Incident Response Changes in the Cloud – Who you gonna call?
An Intrinsec discussion paper
“Incident response and computer forensics in a cloud environment require fundamentally different tools, techniques, and training for responders to accurately assess a situation and capture appropriate evidence when conducting an incident response that follows federal incident response guidelines. The response plan must address the possibility that incidents, including privacy breaches and classified spills, may impact the cloud and shared cloud customers.”
- NIST Challenging Security Requirements for US Government Cloud Adoption (Draft)
Your company has made the decision to leverage the cloud. Hopefully, they have come to you to ensure that data stored in the cloud is maintained responsibly. You’ve considered multi-tenancy, performed your threat modelling and recommended encryption for data at rest as well as in transit, so you’re done, right? Not so fast…
When something goes wrong, and you know it will, how are you going to respond? Does your incident response plan reflect the changes that arise as a result of moving to the cloud?
- Do you have a phone number to call?
- Is there a key contact with the cloud provider established?
- Are they available 24/7/365?
- How does your CIRT respond to a brute force attack on an IaaS instance in the cloud? Can they even detect such an obvious attack?
- Under what circumstances does the cloud provider get engaged?
- Are your incident response people aware they are merely Informed and not Responsible, Accountable or sometimes not even Consulted during an incident?
- Does your service provider have a logging mechanism in place that you can leverage so you are alerted to issues?
Now here’s another question, worthy of its own paragraph…Under which circumstances will your Cloud Provider take your system offline to protect other clients? See, in a public cloud environment, you are secondary to the service as a whole. Think about what your plan is to deal with an infected workstation within your network? What is the first step? Is it removing the offending system from the network? The same principles apply for the cloud provider: remove the instance(s), eradicate the problem, then re-introduce the instance(s).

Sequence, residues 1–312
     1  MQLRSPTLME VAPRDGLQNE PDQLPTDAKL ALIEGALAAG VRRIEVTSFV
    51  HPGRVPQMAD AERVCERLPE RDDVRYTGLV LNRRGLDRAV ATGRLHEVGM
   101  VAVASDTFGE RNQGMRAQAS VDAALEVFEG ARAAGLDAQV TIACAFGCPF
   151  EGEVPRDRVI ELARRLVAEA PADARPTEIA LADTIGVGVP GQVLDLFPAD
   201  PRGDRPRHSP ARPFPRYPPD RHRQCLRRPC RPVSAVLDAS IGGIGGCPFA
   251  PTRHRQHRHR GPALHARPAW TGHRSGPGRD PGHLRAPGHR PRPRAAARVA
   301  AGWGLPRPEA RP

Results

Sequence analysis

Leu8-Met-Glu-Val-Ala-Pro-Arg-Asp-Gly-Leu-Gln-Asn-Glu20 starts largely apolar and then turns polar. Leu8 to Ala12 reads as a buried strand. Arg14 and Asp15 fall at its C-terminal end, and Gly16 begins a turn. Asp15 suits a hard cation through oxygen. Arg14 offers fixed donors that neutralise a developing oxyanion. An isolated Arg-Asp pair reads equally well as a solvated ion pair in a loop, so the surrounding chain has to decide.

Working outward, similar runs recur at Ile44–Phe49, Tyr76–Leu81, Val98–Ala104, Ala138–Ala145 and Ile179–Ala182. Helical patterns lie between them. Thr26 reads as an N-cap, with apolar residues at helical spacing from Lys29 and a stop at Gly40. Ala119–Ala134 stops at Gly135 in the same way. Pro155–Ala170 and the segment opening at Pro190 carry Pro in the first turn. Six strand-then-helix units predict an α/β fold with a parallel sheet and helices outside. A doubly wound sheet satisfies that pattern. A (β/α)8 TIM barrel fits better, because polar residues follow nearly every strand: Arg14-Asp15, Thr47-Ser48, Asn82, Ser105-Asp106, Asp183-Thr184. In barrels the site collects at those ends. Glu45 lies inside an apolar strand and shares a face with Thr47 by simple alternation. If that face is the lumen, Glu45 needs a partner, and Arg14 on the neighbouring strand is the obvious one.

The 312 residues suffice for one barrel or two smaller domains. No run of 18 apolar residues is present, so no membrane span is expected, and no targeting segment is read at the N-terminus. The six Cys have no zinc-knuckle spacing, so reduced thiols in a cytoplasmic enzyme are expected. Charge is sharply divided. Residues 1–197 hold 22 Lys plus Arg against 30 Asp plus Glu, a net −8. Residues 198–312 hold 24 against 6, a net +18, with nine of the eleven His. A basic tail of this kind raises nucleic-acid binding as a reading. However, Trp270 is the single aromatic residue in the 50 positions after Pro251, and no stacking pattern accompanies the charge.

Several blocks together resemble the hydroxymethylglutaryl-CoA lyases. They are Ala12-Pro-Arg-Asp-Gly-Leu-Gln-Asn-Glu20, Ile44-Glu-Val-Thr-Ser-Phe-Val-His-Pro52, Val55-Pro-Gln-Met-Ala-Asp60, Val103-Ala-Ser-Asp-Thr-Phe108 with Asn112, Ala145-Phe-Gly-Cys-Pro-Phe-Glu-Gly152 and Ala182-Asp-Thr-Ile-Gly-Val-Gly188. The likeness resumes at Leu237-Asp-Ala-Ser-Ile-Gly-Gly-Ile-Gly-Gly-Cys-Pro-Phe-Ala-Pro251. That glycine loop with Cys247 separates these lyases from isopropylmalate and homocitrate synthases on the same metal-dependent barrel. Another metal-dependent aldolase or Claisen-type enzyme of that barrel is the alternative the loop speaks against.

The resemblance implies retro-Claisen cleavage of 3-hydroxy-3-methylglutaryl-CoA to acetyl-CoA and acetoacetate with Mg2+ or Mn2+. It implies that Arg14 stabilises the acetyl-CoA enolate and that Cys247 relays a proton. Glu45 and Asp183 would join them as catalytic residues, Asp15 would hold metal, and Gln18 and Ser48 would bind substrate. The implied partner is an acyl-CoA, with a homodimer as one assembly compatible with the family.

Anyone who has taken Cloud Security Alliance training knows that these lines of communication have to be established in advance of an incident, not during the incident! Students also know that security (and response) is shared between the customer and the provider, the extent to which the consumer is in charge depends greatly on the service (SaaS – PaaS - IaaS) model.
I hope this introduction to Incident Response in the cloud has made you think of potential pitfalls that you may experience in your particular scenario. I also hope this information is an example of how it is very simple to procure cloud computing services, but doing so responsibly is a whole other issue. Traps must be identified before any migration to, or development in the cloud takes place. Incident Response is just one such trap.
For further information on Cloud Security Alliance training, please access http://www.intrinsec.ca/cloud-security-alliance-training.html
Graham Thompson, CISSP, CISA, CCSK